Read and digest the concise message in the picture here. Many thanks to Connecticut Center for Mind-Body Enrichment, Inc for sharing this picture on LinkedIn. Click here to see their post that contained a brief and valuable narrative.
The message in this picture above has relevance to America’s seeming inability to curtail its gun violence and active assailants/shooters. Stuck in our guns a ‘blazin intoxication, we continue to fail to see that gun violence (of which active assailants/shooters is one manifestation) demands long-term work, work that has the potential to one day (re)create a society that will raise fewer males wishing to shoot people for the fun of it.
A person may spend decades of their life navigating through issues with a therapist in order to reach a point of healing where they then do not pass on trauma to the next generation. We know full well that we pass on trauma if it’s not transformed by work done now. So we work to mitigate it for the benefit of our children, their children, their children, and so on.
Yet we exclude our collective togetherness (consciousness) from a similar strategy, apparently thinking that what is good for an individual is not good for a collection of individuals (society). Instead, because of intransigent fixation on simplistic methods of dealing with active assailants/shooters, namely stopping them with force (i.e., bullets) at or near the point of impact (i.e., the active assailant/shooter incident), loss of hope, or a combination of factors, we continue on a path about as sophisticated as the methodology of a game of whack-a-mole.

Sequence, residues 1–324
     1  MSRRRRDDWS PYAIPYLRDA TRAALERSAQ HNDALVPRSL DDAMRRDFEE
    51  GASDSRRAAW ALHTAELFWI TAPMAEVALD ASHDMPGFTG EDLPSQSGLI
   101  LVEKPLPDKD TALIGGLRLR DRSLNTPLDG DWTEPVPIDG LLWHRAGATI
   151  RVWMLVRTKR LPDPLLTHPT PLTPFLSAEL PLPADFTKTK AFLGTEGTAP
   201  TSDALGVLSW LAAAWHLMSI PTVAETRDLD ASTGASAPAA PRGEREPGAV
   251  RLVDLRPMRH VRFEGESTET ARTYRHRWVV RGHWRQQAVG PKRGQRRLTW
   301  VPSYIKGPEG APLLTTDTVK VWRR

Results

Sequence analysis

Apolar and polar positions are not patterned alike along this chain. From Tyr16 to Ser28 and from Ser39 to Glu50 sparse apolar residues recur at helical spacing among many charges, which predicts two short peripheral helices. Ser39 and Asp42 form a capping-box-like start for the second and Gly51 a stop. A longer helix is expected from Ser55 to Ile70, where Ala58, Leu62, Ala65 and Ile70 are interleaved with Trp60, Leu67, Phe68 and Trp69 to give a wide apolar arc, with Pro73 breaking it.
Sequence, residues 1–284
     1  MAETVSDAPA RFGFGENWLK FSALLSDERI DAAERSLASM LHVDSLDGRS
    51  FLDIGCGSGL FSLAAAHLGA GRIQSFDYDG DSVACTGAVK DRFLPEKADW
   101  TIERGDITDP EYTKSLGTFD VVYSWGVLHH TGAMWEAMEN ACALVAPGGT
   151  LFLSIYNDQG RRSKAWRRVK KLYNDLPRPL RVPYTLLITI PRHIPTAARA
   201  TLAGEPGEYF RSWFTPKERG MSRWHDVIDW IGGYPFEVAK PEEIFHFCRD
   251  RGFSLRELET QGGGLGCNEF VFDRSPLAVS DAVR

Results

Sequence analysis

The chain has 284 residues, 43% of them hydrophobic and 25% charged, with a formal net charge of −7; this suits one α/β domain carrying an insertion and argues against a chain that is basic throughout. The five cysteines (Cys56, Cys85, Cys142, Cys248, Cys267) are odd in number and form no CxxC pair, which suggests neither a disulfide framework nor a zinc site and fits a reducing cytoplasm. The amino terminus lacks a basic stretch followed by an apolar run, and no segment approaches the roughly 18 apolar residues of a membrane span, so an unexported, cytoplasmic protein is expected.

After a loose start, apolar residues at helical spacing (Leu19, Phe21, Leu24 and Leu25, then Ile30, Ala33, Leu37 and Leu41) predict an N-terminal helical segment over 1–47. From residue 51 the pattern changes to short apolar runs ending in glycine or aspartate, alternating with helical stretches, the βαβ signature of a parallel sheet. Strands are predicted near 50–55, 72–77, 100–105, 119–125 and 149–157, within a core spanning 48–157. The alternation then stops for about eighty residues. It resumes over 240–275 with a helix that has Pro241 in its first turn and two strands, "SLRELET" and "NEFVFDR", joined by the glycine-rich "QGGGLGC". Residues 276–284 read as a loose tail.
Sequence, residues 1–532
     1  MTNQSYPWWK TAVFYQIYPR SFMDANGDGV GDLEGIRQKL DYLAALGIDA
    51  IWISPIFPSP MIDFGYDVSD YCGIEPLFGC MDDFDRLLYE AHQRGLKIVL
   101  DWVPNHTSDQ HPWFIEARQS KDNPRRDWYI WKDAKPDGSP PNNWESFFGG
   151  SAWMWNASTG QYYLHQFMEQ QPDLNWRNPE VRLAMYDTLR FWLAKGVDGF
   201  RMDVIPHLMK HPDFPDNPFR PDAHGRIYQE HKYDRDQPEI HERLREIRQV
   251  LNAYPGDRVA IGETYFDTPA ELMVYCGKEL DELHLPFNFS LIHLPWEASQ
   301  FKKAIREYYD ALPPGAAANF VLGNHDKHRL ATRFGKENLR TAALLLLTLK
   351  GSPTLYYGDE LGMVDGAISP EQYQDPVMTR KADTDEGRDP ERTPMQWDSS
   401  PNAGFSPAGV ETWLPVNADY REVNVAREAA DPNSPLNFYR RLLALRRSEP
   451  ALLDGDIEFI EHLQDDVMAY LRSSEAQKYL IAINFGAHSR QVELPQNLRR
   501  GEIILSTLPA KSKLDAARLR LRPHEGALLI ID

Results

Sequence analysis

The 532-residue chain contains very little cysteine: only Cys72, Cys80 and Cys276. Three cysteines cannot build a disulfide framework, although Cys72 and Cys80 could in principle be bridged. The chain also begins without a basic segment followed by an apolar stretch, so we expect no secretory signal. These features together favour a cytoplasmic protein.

We blindly think that the lack of mental wellness manifested in the rest of society is somehow not a contributing factor. I’m not speaking to mental illness (research indicates this is not, as many presume, a major contributing factor to active assailant/shooter incidents) but rather to the dramatic breakdown in civility, decency, responsibility, and overall mental wellness that one sees now normalized every day in politics, many work environments, so-called religious authorities, etc.
We cannot expect to have dramatic improvement in one area of our society (e.g., gun violence and active assailants/shooters), without a transformation of the context in which these events occur, that is, society. Philip G. Zimbardo, author of the highly recommended “The Lucifer Effect,” makes the point by stating:
“If you put good apples into a bad situation, you’ll get bad apples.”
Context matters. The barrel in which the apples are stored matters. Societal conditions matter. It is not just a matter of pointing at an individual and saying, “He is simply bad.”
This is long-term work, with generational goals. It must be initiated if we ever hope to get to a more sophisticated and effective means of re-creating a safer and saner society. Is one of the reasons we don’t initiate this work in any kind of larger manner because we who live now will not see the fruits of our efforts in our lifetime? I suspect so. Bullets have an immediate, in-the-moment, impact. Bullets are tangible, and Americans do indeed love their bullets. Bullets are also completely impotent to influence future re-manifestations of the next active assailant/shooter incident. Whack-a-mole it is, ad infinitum.
Some will read this post, scoff, and then go back to the normalized narrative around us. I get it. It’s pervasive to the point that few take notice of it, like a fish not being conscious of the water in which it lives every day.
Some may, Fate willing, however, read this and begin to reflect (and better than reflection is action) that, until we change ourselves collectively, as a society, we cannot reasonably expect any constructive change in this public health issue.